The fishery is monitored primarily through logbooks, which the company are required to fill out on a daily basis during fishing operations. The logs provide detailed catch and effort information, as well as information on the spatial distribution of fishing activity within the fishery. The company also provides marketing information to the agency to further aid fishery assessment and compliance.
In addition to logbooks, DoR observers conduct on-board monitoring of commercial fishing trips. While on-board, observers document vessel and gear information, location, depth, fishing practices, catch composition (including bycatch), and where possible, measure most landed species. These independent observer trips allow for independent validation of Australia Bays Logbook information.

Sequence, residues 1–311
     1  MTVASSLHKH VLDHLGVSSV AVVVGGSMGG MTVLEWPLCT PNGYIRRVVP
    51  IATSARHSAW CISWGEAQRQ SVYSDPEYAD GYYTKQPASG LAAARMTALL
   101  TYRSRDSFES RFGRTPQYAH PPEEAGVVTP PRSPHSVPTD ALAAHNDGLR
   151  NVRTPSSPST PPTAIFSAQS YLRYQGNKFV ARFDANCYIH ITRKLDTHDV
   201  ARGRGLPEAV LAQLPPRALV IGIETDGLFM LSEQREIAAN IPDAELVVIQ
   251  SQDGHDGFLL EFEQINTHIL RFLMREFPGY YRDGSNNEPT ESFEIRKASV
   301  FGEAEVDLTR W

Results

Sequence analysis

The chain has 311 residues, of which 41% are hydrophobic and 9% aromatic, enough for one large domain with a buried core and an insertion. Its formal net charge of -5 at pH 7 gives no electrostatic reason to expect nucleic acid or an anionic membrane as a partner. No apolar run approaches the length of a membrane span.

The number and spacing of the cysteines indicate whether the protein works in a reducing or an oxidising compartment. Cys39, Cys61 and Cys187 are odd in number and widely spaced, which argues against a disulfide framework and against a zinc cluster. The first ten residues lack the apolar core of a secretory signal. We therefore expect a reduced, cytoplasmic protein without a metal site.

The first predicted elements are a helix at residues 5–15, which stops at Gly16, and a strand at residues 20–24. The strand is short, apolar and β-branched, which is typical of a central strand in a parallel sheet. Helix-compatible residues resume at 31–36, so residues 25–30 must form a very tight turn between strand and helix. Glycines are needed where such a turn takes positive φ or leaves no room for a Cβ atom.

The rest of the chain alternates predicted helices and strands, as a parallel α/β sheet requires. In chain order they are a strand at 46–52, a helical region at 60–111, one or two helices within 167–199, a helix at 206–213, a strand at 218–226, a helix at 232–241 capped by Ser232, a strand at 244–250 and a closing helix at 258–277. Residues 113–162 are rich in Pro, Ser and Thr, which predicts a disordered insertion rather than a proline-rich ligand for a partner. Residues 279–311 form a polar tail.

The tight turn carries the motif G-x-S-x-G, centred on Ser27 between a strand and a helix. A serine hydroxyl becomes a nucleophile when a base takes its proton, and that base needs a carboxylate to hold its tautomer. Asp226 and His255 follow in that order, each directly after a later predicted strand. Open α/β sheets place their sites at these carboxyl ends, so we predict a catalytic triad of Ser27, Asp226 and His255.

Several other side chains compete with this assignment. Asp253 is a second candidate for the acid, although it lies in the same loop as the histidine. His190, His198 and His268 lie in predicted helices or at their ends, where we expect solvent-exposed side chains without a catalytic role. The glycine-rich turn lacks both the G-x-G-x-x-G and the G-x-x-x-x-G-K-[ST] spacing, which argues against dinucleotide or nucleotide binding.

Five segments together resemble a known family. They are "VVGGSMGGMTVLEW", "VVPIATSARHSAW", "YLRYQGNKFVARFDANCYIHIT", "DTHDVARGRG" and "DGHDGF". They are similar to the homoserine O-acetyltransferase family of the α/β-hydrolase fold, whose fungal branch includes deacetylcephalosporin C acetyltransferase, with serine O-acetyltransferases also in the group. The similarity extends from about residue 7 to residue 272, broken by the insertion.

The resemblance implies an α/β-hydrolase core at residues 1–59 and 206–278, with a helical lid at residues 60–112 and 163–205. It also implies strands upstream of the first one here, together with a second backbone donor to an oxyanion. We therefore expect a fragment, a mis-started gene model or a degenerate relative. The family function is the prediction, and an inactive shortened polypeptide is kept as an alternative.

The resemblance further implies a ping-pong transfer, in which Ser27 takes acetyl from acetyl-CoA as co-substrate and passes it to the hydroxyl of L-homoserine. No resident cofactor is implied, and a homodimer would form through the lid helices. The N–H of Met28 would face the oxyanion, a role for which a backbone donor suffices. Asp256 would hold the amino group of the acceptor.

The fishery was assessed in 2009 by the then Australian Government’s Department of Environment, Water, Heritage and the Arts against the Guidelines for the Ecologically Sustainable Management of Fisheries. Full export exemption accreditation was subsequently issued under the Australian Government’s Environment Protection and Biodiversity Conservation Act 1999. The assessment demonstrated that the fishery was managed in a manner that does not lead to over-fishing and that fishing operations have minimal impact on the structure, productivity, function and biological diversity of the ecosystem. The fishery is scheduled for re-assessment in May 2014.